* CSI300 -1.2 pct; SSEC -1.3 pct; HSI -1.7 pct
* China trade performance remains weak in November
* Airline shares rise on lower oil prices
SHANGHAI, Dec 8 (Reuters) - China and Hong Kong stocks ended Tuesday morning sharply lower, as disappointing China trade data and slumping oil prices unnerved investors already cautious ahead of an anticipated U.S. rate hike next week that could trigger more capital outflows.
China's blue-chip CSI300 index fell 1.2 percent, to 3,642.32 points by lunch break, while the Shanghai Composite Index lost 1.3 percent, to 3,489.88 points.
In Hong Kong, the benchmark Hang Seng index dropped 1.7 percent, to 21,829.13 points, while the Hong Kong China Enterprises Index lost 2.3 percent.
"A confluence of bad news has deepened market pessimism," said Alex Kwok, chief analyst and head of research at China Investment Securities (HK).
"Many investors stand on the sidelines, with little intention to go into the market."
Data showed on Tuesday that China's exports fell by a more-than-expected 6.8 percent in November from a year earlier, their fifth straight month of decline.
The data added to investor concerns, as during the same month, China's foreign exchange reserves fell to their lowest level in nearly three years, with analysts blaming ``record" capital outflows on expectations that the yuan will depreciate.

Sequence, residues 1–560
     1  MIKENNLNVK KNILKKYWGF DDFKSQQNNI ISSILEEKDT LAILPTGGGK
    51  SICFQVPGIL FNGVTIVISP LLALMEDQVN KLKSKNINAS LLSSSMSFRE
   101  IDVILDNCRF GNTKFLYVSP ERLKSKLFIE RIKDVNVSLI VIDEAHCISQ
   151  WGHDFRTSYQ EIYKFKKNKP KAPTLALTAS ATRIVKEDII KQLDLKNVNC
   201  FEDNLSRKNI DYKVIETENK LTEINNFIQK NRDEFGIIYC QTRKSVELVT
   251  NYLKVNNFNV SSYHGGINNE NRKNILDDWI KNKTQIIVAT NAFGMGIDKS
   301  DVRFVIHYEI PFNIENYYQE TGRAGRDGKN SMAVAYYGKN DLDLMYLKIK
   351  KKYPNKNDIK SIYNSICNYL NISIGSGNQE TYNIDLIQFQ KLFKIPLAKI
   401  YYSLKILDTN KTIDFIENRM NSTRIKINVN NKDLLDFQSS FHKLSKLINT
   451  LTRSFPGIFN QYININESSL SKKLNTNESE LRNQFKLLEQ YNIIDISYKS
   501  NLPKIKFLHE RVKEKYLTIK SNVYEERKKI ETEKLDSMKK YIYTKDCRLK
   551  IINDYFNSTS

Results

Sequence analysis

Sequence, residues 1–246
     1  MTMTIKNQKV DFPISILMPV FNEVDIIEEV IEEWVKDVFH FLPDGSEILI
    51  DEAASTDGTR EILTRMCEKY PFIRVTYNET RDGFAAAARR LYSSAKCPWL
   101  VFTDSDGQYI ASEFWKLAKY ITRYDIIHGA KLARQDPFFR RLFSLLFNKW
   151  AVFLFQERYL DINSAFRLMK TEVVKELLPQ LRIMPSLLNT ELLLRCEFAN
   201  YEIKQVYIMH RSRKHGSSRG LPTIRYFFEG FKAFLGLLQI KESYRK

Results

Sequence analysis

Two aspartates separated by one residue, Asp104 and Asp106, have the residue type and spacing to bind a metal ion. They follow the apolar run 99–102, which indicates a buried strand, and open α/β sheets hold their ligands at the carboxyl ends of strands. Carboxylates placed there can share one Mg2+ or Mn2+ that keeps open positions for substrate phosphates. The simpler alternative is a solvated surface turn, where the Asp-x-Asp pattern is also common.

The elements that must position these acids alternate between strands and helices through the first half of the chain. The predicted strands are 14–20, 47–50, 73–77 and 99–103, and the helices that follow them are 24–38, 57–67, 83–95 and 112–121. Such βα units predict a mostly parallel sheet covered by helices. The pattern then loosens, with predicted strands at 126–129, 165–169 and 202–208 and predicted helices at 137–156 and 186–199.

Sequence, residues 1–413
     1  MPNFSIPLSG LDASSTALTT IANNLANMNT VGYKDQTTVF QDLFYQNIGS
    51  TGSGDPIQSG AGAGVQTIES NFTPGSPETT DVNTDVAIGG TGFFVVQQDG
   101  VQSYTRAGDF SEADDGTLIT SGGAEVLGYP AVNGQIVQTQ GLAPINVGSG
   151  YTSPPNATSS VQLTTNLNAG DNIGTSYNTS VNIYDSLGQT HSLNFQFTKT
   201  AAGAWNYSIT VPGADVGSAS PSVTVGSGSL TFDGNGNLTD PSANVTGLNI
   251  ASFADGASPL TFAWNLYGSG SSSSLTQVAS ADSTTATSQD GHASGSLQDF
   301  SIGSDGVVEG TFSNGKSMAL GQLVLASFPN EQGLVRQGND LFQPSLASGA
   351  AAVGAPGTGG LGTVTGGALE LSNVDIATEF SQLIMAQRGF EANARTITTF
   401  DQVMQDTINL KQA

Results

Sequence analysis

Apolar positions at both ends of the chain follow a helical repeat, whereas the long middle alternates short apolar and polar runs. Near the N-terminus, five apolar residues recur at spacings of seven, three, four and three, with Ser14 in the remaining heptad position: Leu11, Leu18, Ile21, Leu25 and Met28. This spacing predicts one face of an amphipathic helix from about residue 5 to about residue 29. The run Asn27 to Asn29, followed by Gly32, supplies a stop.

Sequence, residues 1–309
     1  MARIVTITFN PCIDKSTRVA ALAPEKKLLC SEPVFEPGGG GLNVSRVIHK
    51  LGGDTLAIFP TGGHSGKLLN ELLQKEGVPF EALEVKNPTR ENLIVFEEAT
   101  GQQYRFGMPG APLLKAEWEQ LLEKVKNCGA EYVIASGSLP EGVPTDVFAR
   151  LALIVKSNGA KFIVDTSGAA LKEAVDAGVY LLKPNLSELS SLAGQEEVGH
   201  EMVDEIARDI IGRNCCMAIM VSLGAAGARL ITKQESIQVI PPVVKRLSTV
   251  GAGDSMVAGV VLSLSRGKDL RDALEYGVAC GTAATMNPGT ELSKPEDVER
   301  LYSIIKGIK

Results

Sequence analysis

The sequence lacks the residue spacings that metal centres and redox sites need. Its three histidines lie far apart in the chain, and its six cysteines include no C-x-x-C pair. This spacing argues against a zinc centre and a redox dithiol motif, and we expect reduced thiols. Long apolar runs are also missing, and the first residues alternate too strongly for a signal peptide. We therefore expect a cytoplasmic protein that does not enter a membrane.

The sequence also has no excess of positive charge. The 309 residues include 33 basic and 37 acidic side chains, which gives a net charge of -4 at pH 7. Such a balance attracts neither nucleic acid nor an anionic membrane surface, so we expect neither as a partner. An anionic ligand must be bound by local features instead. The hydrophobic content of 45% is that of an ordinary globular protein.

This adds pressure to a market facing a fresh wave of 10 initial public offerings this week that analysts estimate would freeze roughly 3 trillion yuan ($467.45 billion) of subscription funds.
"A series of events are damping investors' risk appetite," hedge fund house Liuhe Capital said in an e-mailed comment.
They include a possible U.S. rate hike, IPO resumption, and liquidity-strain toward the year end, it said.
Nearly all main sectors fell in China and Hong Kong, with energy stocks among the worst casualties, after oil prices hit seven-year lows.
But bucking the trend, China's biggest carriers, including Air China Ltd , China Eastern Airlines Corp Ltd and China Southern Airlines Co Ltd rose sharply, as investors bet lower oil prices would reduce their costs.
Reporting by Samuel Shen and Pete Sweeney; Editing by Simon Cameron-Moore